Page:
-- May 5, Colonial Heights Garden Tour. This Sunday tour is presented by the Colonial Heights Neighborhood Association. The charming Sacramento neighborhood east of Stockton Boulevard dates to 1910. Colonial Park will be the headquarters for the event, which also will feature vendors and a plant/seed swap. Information here

-- May 11-12, East Sac Garden Tour. Tickets go on sale April 1 for this very popular tour, a Mother's Day weekend tradition. A fundraiser for David Lubin Elementary School, this walkable tour of beautiful East Sacramento gardens also features extras including a gift boutique, a cafe and the Sutter Lawn Wine Garden. Information is available here.

-- May 18, Tahoe Park Garden Tour. The Sacramento neighborhood again will host a tour of a variety of gardens, including drought-tolerant ones. Tickets and information are available here.

Also of note: CNPS Ambassador Patricia Carpenter typically opens her garden for a Late Spring Ramble on a Sunday in latter May. The tour is free but requires registration; signups are not yet available.


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Garden Checklist for week of April 21

This week there’s plenty to keep gardeners busy. With no rain in the immediate forecast, remember to irrigate any new transplants.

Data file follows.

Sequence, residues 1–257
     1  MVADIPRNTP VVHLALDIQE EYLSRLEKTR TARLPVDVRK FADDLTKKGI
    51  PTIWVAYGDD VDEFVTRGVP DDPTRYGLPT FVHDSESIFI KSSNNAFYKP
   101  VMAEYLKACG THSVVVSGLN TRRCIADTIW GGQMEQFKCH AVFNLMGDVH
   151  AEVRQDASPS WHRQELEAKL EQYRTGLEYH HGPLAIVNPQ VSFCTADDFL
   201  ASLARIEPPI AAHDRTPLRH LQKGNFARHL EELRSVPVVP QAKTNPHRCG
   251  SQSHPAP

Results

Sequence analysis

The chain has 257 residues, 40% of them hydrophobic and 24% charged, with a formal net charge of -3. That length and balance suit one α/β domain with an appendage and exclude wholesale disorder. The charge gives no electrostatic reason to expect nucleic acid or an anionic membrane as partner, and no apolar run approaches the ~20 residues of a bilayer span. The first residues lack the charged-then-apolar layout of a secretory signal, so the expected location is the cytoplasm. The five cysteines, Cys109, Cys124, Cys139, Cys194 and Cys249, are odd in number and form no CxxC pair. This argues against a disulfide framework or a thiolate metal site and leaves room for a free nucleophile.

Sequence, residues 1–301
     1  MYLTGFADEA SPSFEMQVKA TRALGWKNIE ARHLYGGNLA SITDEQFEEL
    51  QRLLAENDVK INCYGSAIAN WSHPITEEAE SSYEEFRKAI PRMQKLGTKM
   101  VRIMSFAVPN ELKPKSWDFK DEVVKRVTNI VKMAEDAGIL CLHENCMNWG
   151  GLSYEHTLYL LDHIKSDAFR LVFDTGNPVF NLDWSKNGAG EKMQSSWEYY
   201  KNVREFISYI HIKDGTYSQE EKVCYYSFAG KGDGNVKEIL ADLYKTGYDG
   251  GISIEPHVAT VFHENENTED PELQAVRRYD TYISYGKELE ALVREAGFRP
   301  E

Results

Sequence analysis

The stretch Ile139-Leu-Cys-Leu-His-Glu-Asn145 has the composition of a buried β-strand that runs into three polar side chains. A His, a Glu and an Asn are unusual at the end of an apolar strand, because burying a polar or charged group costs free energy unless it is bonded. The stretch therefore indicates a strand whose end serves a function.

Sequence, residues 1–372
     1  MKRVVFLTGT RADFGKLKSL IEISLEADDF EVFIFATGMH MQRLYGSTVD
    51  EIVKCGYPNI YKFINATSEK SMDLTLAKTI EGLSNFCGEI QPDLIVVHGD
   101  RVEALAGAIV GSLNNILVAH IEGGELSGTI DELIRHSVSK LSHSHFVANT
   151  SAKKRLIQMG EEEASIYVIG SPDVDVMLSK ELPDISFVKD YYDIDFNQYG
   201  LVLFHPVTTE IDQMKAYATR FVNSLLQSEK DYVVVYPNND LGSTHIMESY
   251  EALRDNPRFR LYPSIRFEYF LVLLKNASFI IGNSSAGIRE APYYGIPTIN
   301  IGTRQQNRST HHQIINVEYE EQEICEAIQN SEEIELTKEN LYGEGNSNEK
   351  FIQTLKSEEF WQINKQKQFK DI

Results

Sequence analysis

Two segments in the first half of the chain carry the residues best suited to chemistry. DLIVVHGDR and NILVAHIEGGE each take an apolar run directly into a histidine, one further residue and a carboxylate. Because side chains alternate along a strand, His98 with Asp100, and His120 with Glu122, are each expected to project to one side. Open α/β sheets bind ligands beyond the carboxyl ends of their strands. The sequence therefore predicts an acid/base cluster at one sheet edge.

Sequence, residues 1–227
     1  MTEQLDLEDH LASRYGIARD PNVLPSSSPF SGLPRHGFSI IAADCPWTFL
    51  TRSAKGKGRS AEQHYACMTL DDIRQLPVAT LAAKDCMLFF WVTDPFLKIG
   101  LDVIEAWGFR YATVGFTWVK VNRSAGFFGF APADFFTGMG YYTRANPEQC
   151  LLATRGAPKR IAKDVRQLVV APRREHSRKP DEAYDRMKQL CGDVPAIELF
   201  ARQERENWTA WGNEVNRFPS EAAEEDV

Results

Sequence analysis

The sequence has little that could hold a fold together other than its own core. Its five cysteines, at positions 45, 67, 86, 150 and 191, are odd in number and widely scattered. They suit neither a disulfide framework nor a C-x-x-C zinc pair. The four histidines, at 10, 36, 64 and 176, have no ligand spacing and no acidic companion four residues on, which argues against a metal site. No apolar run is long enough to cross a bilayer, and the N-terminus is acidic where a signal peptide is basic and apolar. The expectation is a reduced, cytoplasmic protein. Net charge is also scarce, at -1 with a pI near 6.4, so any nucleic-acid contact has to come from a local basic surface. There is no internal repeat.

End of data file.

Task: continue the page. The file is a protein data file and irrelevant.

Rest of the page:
* Weed, weed, weed! Get them before they flower and go to seed.

* April is the last chance to plant citrus trees such as dwarf orange, lemon and kumquat. These trees also look good in landscaping and provide fresh fruit in winter.

* Smell orange blossoms? Feed citrus trees with a low dose of balanced fertilizer (such as 10-10-10) during bloom to help set fruit. Keep an eye out for ants.

* Apply slow-release fertilizer to the lawn.

* Thoroughly clean debris from the bottom of outdoor ponds or fountains.

* Spring brings a flush of rapid growth, and that means your garden is really hungry. Feed shrubs and trees with a slow-release fertilizer. Or mulch with a 1-inch layer of compost.

* Azaleas and camellias looking a little yellow? If leaves are turning yellow between the veins, give them a boost with chelated iron.

* Trim dead flowers but not leaves from spring-flowering bulbs such as daffodils and tulips. Those leaves gather energy to create next year's flowers. Also, give the bulbs a fertilizer boost after bloom.

* Pinch chrysanthemums back to 12 inches for fall flowers. Cut old stems to the ground.

* Mulch around plants to conserve moisture and control weeds.

* From seed, plant beans, beets, cantaloupes, carrots, corn, cucumbers, melons, radishes and squash.

* Plant onion sets.

* In the flower garden, plant seeds for asters, cosmos, celosia, marigolds, salvia, sunflowers and zinnias.

* Transplant petunias, zinnias, geraniums and other summer bloomers.

* Plant perennials and dahlia tubers for summer bloom.

* Mid to late April is about the last chance to plant summer bulbs, such as gladiolus and tuberous begonias.

* Transplant lettuce seedlings. Choose varieties that mature quickly such as loose leaf.